Insane in the Membrane
Read MIKE KESSLER's account of the battle between the iconic Gore-Tex brand and its waterproof-breathable fabric, and the newcomers who want a piece of the billion-dollar market.
Roy Plunkett, a chemist with Kinetic Chemicals, discovers polytetrafluoroethylene (PTFE), a fluoropolymer that will later be branded Teflon.
Gore’s son, Bob, discovers that rapidly stretching PTFE results in a microporous structure—later dubbed expanded PTFE, or ePTFE. This will become the main ingredient in Gore-Tex fabric.
Seattle outdoor-gear company Early Winters uses Gore-Tex to create and market one of the first waterproof-breathable jackets.
Future Gore rival Malden Mills introduces Polartec—a performance-fleece brand. The company will later manufacture soft-shell fabrics and, eventually, waterproof-breathable ones.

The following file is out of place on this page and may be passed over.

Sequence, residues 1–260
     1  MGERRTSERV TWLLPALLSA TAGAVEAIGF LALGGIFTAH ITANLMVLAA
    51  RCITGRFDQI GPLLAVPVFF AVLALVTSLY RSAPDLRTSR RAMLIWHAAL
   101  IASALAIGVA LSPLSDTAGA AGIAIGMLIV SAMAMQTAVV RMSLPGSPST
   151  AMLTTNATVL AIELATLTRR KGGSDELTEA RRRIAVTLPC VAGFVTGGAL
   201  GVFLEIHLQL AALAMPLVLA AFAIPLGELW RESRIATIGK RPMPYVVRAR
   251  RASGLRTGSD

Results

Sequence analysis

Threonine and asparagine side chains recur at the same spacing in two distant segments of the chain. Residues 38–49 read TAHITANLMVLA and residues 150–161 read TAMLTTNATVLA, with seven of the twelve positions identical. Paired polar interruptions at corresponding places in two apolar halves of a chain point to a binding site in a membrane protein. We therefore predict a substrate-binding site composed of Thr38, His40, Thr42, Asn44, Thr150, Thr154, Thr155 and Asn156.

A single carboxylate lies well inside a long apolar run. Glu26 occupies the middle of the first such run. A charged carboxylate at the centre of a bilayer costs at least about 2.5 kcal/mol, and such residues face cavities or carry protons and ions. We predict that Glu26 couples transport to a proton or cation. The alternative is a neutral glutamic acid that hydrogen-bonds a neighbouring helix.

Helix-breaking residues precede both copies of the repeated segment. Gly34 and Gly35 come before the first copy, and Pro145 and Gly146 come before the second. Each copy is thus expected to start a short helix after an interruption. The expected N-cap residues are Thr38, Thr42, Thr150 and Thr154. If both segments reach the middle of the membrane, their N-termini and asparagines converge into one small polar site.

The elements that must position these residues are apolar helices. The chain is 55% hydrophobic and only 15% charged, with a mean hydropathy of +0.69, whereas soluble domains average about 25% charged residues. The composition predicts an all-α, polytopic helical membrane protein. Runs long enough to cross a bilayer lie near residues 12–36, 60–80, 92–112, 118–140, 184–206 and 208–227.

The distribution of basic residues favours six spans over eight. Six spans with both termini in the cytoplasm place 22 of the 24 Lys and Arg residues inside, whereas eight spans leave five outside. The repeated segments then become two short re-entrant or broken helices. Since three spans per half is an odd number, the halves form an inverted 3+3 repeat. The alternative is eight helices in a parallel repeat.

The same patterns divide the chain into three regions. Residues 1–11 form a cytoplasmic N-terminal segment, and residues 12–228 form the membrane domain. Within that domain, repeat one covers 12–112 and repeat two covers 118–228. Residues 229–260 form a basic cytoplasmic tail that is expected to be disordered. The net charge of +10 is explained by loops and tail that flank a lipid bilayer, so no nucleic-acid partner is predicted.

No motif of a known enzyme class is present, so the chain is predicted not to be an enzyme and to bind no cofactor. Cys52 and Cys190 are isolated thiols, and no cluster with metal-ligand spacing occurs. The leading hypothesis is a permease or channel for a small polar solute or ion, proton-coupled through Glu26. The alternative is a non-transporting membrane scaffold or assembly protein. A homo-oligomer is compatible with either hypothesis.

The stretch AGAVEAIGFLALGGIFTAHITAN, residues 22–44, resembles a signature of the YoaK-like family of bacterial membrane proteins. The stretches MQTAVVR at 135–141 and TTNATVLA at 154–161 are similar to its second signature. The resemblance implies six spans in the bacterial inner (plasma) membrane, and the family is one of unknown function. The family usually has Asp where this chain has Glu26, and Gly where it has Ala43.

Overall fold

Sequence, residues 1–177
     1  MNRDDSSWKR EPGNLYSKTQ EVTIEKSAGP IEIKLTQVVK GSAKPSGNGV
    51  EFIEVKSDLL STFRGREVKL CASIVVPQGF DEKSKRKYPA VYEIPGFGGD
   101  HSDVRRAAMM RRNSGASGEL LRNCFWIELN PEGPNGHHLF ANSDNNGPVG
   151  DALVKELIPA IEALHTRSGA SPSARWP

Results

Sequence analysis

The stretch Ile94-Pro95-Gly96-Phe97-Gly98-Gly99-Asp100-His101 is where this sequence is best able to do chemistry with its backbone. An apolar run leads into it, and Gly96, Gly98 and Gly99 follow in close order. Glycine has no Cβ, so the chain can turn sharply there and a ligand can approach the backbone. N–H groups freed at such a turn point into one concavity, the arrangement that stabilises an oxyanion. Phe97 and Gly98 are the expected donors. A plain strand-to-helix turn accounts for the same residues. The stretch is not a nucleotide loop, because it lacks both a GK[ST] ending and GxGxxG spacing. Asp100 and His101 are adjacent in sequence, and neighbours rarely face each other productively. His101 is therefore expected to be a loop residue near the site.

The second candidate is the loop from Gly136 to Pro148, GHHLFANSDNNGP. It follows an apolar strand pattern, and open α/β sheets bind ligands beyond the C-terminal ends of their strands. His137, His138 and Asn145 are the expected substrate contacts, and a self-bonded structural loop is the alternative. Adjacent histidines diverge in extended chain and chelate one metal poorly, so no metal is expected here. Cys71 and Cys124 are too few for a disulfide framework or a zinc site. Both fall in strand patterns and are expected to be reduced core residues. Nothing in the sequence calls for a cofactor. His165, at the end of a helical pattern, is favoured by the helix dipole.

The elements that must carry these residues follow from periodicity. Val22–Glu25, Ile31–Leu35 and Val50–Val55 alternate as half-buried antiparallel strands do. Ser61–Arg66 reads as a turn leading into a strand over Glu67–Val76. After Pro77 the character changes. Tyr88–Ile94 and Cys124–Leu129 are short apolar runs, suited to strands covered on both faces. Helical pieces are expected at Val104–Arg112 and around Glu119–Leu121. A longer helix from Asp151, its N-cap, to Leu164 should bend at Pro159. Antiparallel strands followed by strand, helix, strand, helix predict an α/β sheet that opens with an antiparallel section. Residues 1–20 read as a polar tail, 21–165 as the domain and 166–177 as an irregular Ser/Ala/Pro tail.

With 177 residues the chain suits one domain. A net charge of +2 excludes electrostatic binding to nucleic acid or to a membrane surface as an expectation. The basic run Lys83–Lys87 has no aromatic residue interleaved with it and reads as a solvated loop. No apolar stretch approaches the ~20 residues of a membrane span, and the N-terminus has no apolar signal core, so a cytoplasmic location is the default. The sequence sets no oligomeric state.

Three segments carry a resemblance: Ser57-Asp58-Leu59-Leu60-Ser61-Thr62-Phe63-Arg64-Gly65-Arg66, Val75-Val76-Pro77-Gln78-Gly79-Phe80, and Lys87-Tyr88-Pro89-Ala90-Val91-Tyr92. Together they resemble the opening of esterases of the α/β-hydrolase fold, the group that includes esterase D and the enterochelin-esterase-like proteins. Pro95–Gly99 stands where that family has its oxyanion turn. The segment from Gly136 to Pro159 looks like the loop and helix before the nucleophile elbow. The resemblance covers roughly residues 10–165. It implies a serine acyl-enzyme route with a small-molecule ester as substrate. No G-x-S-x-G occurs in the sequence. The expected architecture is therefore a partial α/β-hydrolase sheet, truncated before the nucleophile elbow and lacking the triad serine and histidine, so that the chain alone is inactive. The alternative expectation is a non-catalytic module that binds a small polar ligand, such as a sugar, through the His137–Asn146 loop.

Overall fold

Columbia and Italian subsidiary OutDry file a complaint with the Commission of the European Union about Gore’s business practices. A similar complaint is filed with the U.S. Federal Trade Commision.
Columbia develops its own proprietary waterproof-breathable technology, OmniDry, and starts using it in jackets and gloves, publicly vowing to “take down Gore-Tex.” Polartec launches NeoShell with an aggressive marketing campaign. Mountain Hardwear debuts Dry.Q, its proprietary fabric.
Official investigations by the EU and FTC are ongoing.